HOLYOKE, Mass. (WWLP) – Holyoke Community College (HCC) is closed Monday after a suspected malware attack over the weekend.
According to HCC’s spokesperson Chris Yurko, staff from the IT department is working to clear the network while students are on Spring Break this week.
“HCC is responding to a suspected malware attack, and the college’s IT specialists are now working to clear our network. We have closed the college for the day (Monday, March 14) to ensure they have full and unimpeded access to all our computer systems and to protect students, faculty and staff from potential problems. We expect our systems to be fully restored shortly and for HCC to return to normal operations. The good news is that HCC is on spring break this week so the disruption to students should be minimal. Classes are expected to resume as scheduled on Monday, March 21.”Chris Yurko, Media Relations Manager at Holyoke Community College
According to the Federal Trade Commission (FTC), malware includes viruses, spyware, ransomware, and other unwanted software that gets secretly installed onto your device. Criminals can access information on devices to steal sensitive information, including demanding payment to unscramble data encrypted by ransomware.
The following information from the FTC includes how to recognize and avoid malware.
How To Know if You Have Malware
Look for unusual behavior from your phone, tablet, or computer. Your device might have been infected with malware if it
- suddenly slows down, crashes, or displays repeated error messages
- won’t shut down or restart
- won’t let you remove software
- serves up lots of pop-ups, inappropriate ads, or ads that interfere with page content
- shows ads in places you typically wouldn’t see them, like government websites
- shows new and unexpected toolbars or icons in your browser or on your desktop
- uses a new default search engine, or displays new tabs or websites you didn’t open
- keeps changing your computer’s internet home page
- sends emails you didn’t write
- runs out of battery life more quickly than it should
Criminals work to get malware on your devices so they can steal personal information, like your usernames and passwords, bank account numbers, or Social Security number. They use this information to commit identity theft. If you think someone may have stolen your information or identity, visit IdentityTheft.gov.
Malware can get onto your device when you open or download attachments or files, or visit a scammy website.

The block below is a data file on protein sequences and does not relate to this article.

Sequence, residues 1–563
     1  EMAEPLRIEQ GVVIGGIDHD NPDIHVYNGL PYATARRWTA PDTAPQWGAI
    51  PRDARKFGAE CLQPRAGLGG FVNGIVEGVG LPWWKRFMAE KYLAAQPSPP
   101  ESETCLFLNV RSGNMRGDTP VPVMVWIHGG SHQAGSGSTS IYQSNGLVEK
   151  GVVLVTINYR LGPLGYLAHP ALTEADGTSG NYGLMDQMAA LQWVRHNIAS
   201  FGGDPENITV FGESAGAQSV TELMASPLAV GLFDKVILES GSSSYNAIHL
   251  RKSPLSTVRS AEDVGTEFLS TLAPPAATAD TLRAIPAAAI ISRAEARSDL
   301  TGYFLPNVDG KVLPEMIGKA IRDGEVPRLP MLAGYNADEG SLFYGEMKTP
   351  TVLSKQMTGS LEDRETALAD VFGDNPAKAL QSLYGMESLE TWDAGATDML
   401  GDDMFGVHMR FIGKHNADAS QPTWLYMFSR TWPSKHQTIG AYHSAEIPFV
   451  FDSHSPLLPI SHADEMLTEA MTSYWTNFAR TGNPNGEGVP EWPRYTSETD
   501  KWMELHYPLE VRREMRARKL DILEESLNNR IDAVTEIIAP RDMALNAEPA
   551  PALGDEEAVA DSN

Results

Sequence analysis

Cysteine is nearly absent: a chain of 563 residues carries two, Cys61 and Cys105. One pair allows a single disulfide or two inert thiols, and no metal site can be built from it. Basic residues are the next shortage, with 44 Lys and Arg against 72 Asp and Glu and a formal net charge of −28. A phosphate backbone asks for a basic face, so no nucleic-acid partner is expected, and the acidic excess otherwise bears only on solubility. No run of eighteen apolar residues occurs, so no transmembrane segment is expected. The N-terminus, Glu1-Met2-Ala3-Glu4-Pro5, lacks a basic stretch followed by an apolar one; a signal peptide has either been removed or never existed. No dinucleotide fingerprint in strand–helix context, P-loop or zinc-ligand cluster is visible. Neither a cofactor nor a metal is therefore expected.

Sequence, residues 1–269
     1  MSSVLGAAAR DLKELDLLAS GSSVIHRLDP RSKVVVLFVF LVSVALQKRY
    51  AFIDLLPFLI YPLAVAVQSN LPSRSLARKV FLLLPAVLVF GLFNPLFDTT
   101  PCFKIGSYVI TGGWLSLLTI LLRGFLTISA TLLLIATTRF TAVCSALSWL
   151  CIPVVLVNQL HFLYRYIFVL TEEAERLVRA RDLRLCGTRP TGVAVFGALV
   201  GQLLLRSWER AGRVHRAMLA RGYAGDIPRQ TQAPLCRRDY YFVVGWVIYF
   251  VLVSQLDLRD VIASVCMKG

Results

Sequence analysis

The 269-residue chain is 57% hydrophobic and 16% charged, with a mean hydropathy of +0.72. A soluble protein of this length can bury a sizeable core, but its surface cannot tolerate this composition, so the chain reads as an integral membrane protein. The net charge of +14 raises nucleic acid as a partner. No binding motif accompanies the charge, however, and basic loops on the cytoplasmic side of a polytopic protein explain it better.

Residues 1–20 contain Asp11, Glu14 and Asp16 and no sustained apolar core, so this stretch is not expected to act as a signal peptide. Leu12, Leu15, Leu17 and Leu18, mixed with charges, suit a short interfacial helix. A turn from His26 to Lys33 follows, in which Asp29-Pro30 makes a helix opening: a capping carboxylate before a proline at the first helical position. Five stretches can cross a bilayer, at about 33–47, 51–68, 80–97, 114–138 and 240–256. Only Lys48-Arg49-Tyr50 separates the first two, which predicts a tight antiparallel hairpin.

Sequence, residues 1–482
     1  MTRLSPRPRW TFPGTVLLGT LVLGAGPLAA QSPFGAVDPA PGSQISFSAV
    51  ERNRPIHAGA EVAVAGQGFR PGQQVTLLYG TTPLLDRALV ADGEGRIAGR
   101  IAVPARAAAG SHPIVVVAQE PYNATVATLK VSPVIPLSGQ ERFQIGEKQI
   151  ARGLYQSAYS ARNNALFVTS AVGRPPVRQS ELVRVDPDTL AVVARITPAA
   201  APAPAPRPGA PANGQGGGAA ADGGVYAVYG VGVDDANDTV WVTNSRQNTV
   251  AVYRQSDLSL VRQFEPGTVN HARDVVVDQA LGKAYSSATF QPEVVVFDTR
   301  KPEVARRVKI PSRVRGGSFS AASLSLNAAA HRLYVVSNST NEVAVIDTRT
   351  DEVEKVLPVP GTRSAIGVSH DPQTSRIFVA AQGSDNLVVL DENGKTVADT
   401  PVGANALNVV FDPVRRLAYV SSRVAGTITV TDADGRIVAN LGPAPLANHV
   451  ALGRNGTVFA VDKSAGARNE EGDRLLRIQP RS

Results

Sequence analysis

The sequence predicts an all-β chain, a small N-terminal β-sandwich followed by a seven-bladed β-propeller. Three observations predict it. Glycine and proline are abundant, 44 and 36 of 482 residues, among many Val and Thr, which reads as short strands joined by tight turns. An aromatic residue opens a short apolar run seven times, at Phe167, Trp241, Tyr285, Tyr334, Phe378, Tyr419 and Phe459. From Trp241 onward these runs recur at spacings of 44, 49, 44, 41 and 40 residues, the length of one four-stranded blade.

How To Avoid Malware
Scammers try to trick people into clicking on links that will download viruses, spyware, and other unwanted software — often by bundling it with free downloads. Here are ways to avoid malware: · Install and update security software, and use a firewall. Set your security software, internet browser, and operating system to update automatically. · Don’t weaken your browser’s security settings. You can minimize “drive-by” or bundled downloads if you keep your browser’s default security settings.
- Read each screen when you install new software. If you don’t recognize a program, or are prompted to install bundled software, decline the additional program or exit the installation process.
- Get well-known software directly from the source. Sites offering lots of different browsers, PDF readers, and other popular software for free are more likely to include malware.
- Pay attention to your browser’s security warnings. Many browsers come with built-in security scanners that warn you before you visit an infected webpage or download a malicious file.
- Instead of clicking on a link in an email or text message, type the URL of a trusted site directly into your browser. Criminals send phishing emails that trick you into clicking on a link or opening an attachment that could download malware.
- Don’t click on pop-ups or ads about your computer’s performance. Scammers insert unwanted software into pop-up messages or ads that warn that your computer’s security or performance is Avoid clicking on these ads if you don’t know the source.
- Scan USB drives and other external devices before using them. These devices can be infected with malware, especially if you use them in high traffic places, like photo printing stations or public computers.